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category_outlined / Auto et Moto
AutomobileAutomobile

Automobile September/October 2018

Automobile is an award-winning automotive publication that captures the passion and experience of driving great cars. Featuring engaging writing and stunning photography, Automobile transports readers with each and every issue. Discover a well-rounded editorial mix focused on design, technology, automotive art, vintage cars, and industry trends.

Pays:
United States
Langue:
English
Éditeur:
TEN: The Enthusiast Network
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J'ACHÈTE CE NUMÉRO
8,26 $(TVA Incluse)
JE M'ABONNE
12,40 $(TVA Incluse)
12 Numéros

DANS CE NUMÉRO

access_time1 min.
motortrend

SCHEDULE KEY: RACING | ORIGINAL PROGRAMS JULY 28 LIVE! Intercontinental GT Challenge, 24 Hours Of Spa JULY 30 HOT ROD Garage, Ep. 66 AUG 1 Head 2 Head, Ep.105 AUG 3 LIVE! Virgin Australia Supercars, Sydney AUG 6 Roadkill, Ep. 74 AUG 8 Put Up or Shut Up, Ep. 8 AUG 9 FIA World Rallycross, Canada AUG 11 LIVE! DTM Championship, Brands Hatch LIVE! Trans Am Series, Mid-Ohio AUG 13 Roadkill Garage, Ep. 34 AUG 15 Engine Masters, Ep. 39 AUG 16 British Touring Car Championship, Snetterton AUG 18 LIVE! European Le Mans Series, Silverstone, England AUG 19 LIVE! FIA Formula 3 Championship, Silverstone AUG 20 Dirt Every Day, Ep. 80 AUG 22 Ignition, Ep.195 AUG 25 LIVE! DTM Championship, Misano LIVE! Intercontinental GT Challenge - Practice & Qualifying, Suzuka 10 Hours LIVE! Trans Am Series, Road America LIVE! Virgin Australia Supercars, Tailem Bend AUG 26 LIVE! Intercontinental GT…

access_time4 min.
passion,   electrified

“WE CANNOT COMMENT on future product.” It’s a line probably uttered a billion times by automaker reps in response to badgering questions from annoying auto scribes, including yours truly. Sometimes you get a few cryptic details or the old wink, wink, nod, nod when you ask something in a sideways manner. No matter how frustrating it is, you can’t blame them, as they’re only doing their jobs. Every year, we set out to do ours with our annual new and future cars issue, a look at the vehicles just hitting the market and our best guesses at some of the hotness to come (page 36). As we outline, the paradigm is indeed shifting toward alternative propulsion (and eventually, allegedly, automation), but it’s also a moment in automotive time where the spread…

access_time11 min.
shut up,   hold on …   and shut up

“AT THE END OF THE QUARTER MILE I’M GOING 280 MPH. A JET CAR IS ACCELERATING ITS HARDEST AS YOU GO THROUGH THE LIGHTS. … ANY SORT OF FAILURE, AND YOU’RE IN DIRE STRAITS, PROBABLY HEADED RIGHT OFF THE END OF THE TRACK.” SWOOSH. NO, NOT Nike’s logo. Rather, that’s what it felt like. Of course, you don’t think of “swoosh” as being a feeling, especially the feeling of traveling 303 mph in a 1957 Chevrolet pickup. Certainly, it was a big swoosh, a loud, shrill swoosh, but a swoosh nonetheless. “Pretty much what I told you,” said Hayden Proffitt II, the owner and driver of the 25,000-horsepower twin-jet pickup he calls the Hot Streak II, as we roll to a stop, awaiting a tow back to his pit. “All the drama…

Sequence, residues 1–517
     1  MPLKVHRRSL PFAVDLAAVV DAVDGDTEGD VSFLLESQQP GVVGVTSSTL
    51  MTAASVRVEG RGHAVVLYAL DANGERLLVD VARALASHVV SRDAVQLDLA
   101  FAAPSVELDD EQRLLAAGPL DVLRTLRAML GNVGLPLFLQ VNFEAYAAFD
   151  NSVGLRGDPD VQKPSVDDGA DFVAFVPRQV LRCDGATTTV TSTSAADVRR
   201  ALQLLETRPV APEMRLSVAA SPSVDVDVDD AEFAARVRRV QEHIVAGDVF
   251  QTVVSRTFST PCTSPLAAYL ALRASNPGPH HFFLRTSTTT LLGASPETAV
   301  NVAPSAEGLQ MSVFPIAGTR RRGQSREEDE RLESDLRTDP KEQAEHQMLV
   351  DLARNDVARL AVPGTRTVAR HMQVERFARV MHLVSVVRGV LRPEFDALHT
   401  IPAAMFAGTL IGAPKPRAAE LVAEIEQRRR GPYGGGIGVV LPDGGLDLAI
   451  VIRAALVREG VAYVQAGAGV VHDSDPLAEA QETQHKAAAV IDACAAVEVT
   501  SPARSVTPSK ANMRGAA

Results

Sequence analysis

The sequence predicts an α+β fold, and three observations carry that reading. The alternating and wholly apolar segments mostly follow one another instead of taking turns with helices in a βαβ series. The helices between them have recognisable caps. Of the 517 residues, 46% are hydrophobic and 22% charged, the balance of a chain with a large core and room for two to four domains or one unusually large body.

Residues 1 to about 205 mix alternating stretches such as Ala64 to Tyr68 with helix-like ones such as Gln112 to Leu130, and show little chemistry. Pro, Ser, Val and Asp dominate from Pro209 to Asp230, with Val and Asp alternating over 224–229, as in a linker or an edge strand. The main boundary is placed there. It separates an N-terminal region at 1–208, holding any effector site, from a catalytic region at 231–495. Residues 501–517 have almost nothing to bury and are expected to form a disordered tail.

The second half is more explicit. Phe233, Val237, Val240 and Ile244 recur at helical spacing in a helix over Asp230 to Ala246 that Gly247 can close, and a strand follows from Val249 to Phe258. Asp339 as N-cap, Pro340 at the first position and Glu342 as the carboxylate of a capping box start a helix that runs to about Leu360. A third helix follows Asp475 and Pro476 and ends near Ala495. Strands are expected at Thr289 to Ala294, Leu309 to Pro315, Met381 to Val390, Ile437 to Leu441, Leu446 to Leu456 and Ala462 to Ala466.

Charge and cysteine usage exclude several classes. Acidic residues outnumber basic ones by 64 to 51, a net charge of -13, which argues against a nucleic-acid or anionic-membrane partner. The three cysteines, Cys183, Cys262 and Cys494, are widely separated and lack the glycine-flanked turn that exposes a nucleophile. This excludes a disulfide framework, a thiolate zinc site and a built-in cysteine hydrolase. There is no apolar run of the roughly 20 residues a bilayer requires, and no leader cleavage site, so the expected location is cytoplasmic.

access_time3 min.
when it all goes wrong

OCTOBER 16, 1971, was a chilly day in Lewisville, Texas. It rained that morning at Dallas International Motor Speedway, but the pavement had dried enough to make what was expected to be a historic run at the state-of-the-art quarter-mile dragstrip. And it was historic. For all the wrong reasons. Television newsman Gene Thomas—real name Eugene T. Alred—started out as a disc jockey in his home state of Oklahoma, eventually moving to a co-hosting job at a then-innovative morning show for WFAA Channel 8 in Dallas, long the market’s top station. The station’s “News 8 Etc.” show was a mix of hard news, soft features, and celebrity interviews. Thomas might report on a bank robbery, interview “Hee Haw” stooge Junior Samples, or wrestle a 750-pound tiger. The tiger won, by the way. Thomas, a…

access_time6 min.
the   asphalt   jungle

“MY AUNT DRIVES faster than you—and she doesn’t drive.” An old friend was visiting from out of town, and by sheer luck I happened to be piloting a brand-new Ferrari 488 Spider for a few days (timing that did wonders for maintaining my “I live like this all the time” ruse). Yet my pal wasn’t completely joking; I even detected genuine irritation in his voice. “That Bimmer just blew past us and made the stoplight while you were slogging along in second gear.” He looked over at the dashboard in front of me. “Dude! You’re barely breaking the speed limit!” I could only sigh. We were ambling along L.A.’s Wilshire Boulevard on our way to Malibu, and yet again I was dispelling a myth as old as my career: namely, that…

access_time4 min.
noise,   vibration &   harshness

MAKING THE DIRECT connection between speed and physical pain is not one of life’s inevitabilities—even one spent compulsively operating motor vehicles. But when the connection is made, it’s just, well, brother, destiny has come calling. I got my first lesson in big sudden hurt on New York’s George Washington Bridge one night back in 1982 when I drove my 1967 MGB at 55 mph into the back of a stalled late ’70s Chrysler (gory details in the November 1992 edition of Automobile). It hurt and pulverized my sweet mug, but thankfully no others were injured. After making a miraculous recovery, I didn’t think I needed any more clarity on the association between speed and pain. But I got some anyway. Just the other day I was riding an electric scooter I received…

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